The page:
Even After Grand Jury Decisions, Seattle Student Still Has Hope

12.10.14

By Ardo Hersi

It hurts that yet another officer isn’t being indited for killing an unarmed black man. Especially, in the case of Eric Garner where there is no ambiguity. These injustices can often make us feel demoralized. But it may seem surprising that after attending a rally on November 25th, I feel inspired.

About 1,000 people marched and attended the rally at the steps of the Federal Building in downtown Seattle that day, after the grand jury decision not to indict Darren Wilson. The crowd was mostly youth like me – some had backpacks – others held signs that read “Justice for Mike Brown” and “Demilitarize the Police.”

The air was filled with mourning but there something else – hope.

“I will confidently proclaim Michael Brown your death will not be in vain!” said a member of Garfield High Schools Black student union.

I’m not surprised at the decision, but I am disappointed. Every 28 hours a police officer kills an unarmed black man in this country. I fear that one day it could be my dad, my brothers, or my cousins who comes in contact with the wrong police officer.

One protester shares the same fears, as an immigrant from former apartheid country Namibia. She says that she came to America for a better chance – not only for herself but one day her own kids. She is outraged about the grand jury decision, and says she doesn’t want to live in a world where any of us could be targeted just because of the color of our skin.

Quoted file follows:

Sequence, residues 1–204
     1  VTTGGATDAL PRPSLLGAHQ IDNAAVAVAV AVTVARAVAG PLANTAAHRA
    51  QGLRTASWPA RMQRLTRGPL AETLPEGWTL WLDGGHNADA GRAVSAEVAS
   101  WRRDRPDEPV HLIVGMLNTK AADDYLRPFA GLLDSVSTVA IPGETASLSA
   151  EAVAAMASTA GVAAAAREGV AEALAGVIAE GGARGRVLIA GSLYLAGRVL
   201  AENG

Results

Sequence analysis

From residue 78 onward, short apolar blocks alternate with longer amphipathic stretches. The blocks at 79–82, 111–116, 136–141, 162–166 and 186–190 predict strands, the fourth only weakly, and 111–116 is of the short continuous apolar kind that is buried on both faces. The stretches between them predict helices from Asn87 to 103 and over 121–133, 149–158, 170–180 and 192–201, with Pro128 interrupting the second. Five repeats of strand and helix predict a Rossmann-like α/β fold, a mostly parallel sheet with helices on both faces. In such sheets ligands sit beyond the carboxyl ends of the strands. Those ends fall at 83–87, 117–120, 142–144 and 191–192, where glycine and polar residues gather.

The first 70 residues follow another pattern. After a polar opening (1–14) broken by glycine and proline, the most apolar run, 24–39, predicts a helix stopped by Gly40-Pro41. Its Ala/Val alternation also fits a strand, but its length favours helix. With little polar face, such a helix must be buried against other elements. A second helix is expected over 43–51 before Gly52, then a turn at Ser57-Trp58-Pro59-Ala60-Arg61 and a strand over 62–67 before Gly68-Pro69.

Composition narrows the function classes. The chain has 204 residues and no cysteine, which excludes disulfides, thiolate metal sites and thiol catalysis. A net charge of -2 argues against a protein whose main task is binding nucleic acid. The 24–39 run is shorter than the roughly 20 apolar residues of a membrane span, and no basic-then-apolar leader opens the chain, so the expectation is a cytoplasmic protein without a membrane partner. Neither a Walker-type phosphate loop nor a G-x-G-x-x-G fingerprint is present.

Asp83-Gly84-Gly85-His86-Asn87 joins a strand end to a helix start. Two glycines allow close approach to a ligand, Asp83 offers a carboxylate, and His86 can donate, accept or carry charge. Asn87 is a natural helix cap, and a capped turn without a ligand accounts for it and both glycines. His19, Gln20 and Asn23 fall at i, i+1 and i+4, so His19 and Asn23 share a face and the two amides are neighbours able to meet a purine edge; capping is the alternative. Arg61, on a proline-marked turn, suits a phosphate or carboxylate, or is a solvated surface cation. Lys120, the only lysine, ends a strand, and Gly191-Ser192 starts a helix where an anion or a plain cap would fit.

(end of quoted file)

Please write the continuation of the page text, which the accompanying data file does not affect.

Nearing the end of the rally, another Garfield High School student, Valerie Vong, informed me that it was more than just Garfield students but kids from other schools and people from different organizations in attendance.

“I mean, it just shows solidarity to have so many people walking, coming here. We filled the streets for blocks and blocks. Things will not change until we stand together. If you are a bystander and you know that you can take action it is your responsibility to take action- to take part in undoing oppression…there’s no room in change to be a bystander.”

We will not be bystanders. Michael Brown’s death will not be in vain. It has ignited the fury of a generation hungry for change, results, equality. The only thing powerful enough to stop our generation is justice- for indeed we will not settle for anything less. I am enraged, but if there is one thing I learned from the rallies held in Seattle it is that rage is pointless if it does not fuel change and foster results.

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